CNN  — 

The jury in Donald Trump’s New York hush money trial finished its first day of deliberations Wednesday without reaching a verdict after meeting for more than four-and-a-half hours.

Jurors will return on Thursday morning at 9:30 a.m. ET to resume deliberations, but the 12 men and women will also again hear from Judge Juan Merchan.

Wednesday afternoon, the jury asked to hear a readback of four separate parts of witness testimony, including from former National Enquirer chief David Pecker and Trump’s former fixer Michael Cohen. Jurors also want to re-hear Merchan’s instructions on the law that he had given them earlier Wednesday morning.

The jurors requested four pieces of testimony: Pecker’s testimony about his phone conversation with Trump in June 2016, his testimony about not finalizing Trump’s payment to AMI for Karen McDougal’s life rights, his testimony about the August 2015 Trump Tower meeting, and Cohen’s testimony about the Trump Tower meeting.

The testimony the jurors are requesting relates to interactions Trump had directly with Pecker. The testimony from Cohen and Pecker about the 2015 meeting concerns the meeting where Pecker agreed to be the “eyes and ears” of the campaign, while Pecker testified in his call with Trump in June 2016 that he discussed the McDougal story and whether Trump should buy it.

The jury will ultimately decide whether a former president is convicted of felony crimes for the first time in American history – at the same time that Trump is running against President Joe Biden for president this November.

Judge’s instructions

The political implications of the case were not overtly at issue on Wednesday morning as Merchan spent an hour instructing the jury on the law.

He explained the 34 felony counts against Trump for falsifying business records over the reimbursement to Cohen for hush money payments made to porn star Stormy Daniels before the 2016 election, going over the elements of the crime that jurors must decide prosecutors have proven beyond a reasonable doubt to return a guilty verdict.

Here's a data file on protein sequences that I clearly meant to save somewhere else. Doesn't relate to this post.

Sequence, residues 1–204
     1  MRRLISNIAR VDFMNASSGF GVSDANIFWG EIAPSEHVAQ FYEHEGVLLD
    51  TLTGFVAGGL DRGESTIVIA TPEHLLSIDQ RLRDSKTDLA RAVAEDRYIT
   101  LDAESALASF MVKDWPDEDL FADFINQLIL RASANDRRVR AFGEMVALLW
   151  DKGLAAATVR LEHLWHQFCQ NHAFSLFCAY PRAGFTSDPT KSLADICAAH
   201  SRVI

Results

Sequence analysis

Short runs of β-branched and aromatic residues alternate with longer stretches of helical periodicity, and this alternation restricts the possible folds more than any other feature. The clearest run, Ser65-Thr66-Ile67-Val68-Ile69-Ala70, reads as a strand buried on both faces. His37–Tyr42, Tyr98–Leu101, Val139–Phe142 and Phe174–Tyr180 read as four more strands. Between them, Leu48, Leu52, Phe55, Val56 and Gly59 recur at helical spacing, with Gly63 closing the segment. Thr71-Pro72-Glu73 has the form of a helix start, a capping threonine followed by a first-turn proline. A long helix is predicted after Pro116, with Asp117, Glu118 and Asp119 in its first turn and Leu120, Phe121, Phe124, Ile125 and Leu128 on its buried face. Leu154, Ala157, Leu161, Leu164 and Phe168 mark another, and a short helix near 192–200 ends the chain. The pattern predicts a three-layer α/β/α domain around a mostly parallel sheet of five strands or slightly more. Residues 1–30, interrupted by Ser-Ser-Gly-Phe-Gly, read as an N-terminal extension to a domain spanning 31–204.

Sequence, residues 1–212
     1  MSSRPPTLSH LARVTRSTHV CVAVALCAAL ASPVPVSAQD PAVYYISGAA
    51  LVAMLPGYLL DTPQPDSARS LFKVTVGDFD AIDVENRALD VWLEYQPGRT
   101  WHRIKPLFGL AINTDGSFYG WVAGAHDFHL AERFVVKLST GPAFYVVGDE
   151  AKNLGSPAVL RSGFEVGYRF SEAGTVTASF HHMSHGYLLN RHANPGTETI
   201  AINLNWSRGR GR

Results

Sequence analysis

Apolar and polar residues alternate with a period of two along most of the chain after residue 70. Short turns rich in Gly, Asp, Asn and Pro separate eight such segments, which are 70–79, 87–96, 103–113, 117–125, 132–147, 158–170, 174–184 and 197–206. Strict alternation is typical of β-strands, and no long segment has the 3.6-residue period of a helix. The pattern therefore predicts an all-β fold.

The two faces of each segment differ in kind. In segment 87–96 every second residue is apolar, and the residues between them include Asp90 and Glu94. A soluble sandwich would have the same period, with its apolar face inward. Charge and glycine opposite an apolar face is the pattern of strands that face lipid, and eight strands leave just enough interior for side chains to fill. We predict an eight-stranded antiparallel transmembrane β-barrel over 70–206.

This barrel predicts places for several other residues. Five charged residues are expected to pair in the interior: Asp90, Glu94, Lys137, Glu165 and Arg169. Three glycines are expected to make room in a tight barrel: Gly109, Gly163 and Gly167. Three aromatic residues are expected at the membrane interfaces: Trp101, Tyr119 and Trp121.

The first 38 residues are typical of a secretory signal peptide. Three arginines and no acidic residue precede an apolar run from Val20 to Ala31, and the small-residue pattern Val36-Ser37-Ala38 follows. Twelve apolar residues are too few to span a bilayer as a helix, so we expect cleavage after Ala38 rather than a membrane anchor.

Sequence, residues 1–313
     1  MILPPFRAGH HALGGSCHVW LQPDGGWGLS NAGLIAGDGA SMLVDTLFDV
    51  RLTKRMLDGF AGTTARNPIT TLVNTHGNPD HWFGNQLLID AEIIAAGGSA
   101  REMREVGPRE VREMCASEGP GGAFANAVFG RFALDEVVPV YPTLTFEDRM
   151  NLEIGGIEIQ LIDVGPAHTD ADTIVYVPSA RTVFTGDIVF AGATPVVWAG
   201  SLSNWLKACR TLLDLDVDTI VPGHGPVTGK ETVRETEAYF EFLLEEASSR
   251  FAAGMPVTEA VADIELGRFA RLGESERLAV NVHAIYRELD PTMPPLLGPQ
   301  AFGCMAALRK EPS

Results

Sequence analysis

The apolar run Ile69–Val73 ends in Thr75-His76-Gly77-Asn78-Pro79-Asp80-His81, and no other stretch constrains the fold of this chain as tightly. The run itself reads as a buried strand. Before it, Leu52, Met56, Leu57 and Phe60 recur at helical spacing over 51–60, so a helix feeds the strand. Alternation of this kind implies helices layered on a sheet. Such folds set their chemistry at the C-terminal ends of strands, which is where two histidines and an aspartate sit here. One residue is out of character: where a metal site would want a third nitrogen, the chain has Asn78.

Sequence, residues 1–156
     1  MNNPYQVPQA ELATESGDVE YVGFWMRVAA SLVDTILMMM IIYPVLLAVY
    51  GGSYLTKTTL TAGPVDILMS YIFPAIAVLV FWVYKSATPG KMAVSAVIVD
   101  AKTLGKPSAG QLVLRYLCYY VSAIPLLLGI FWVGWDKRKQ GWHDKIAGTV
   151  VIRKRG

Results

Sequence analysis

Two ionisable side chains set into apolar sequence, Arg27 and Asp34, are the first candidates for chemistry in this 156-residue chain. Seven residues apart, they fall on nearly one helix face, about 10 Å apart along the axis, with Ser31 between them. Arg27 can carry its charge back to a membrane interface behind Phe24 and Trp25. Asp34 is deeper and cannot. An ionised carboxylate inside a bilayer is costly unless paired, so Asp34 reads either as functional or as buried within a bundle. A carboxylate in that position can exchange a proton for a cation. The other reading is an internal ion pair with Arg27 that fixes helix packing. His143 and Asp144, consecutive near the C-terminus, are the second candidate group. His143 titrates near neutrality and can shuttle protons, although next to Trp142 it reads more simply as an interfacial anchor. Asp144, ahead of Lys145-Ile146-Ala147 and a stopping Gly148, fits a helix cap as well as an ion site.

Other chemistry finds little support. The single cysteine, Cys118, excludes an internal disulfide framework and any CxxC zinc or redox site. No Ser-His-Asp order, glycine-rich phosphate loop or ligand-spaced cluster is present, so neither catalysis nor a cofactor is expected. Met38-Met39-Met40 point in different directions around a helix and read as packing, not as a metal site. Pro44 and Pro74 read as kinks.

Merchan also reminded jurors they must put aside their biases as they decide the defendant’s fate.

“Remember, you have promised to be a fair juror,” the judge said. “A fair juror is a person who will keep their promise to be fair and impartial and who will not permit the verdict to be influenced by a bias or prejudice in favor of or against a person who appeared in this trial.”

Merchan has asked the jury to clarify Thursday morning whether they wanted the entire, hourlong presentation to be read back, or if there were just portions of it that they needed to hear one more time.

The jury was not given a written copy of Merchan’s charging instructions, something CNN senior legal analyst Elie Honig said is a problem. While most federal judges will send the actual document with the jury as it deliberates, New York state courts forbid this practice.

“It’s the way that New York State courts do it,” Honig said. “They are obstinate, they are stuck in the past, they are making life difficult for the jury.”

While the deliberations are ongoing, Trump and his attorneys are remaining in the courthouse in downtown Manhattan, so they can be ready if the jury returns any additional notes, which could be questions or requests like the one Wednesday afternoon to re-hear testimony.

The jurors were also given a laptop that had all of the evidence in the trial, so they could consult it while they deliberate. The judge said the laptop does not have internet access.

Meanwhile, the six alternate jurors aren’t yet off the hook. They’ve been asked to come back in the event one of them needs to replace one of the 12 jurors in case they are unable to serve.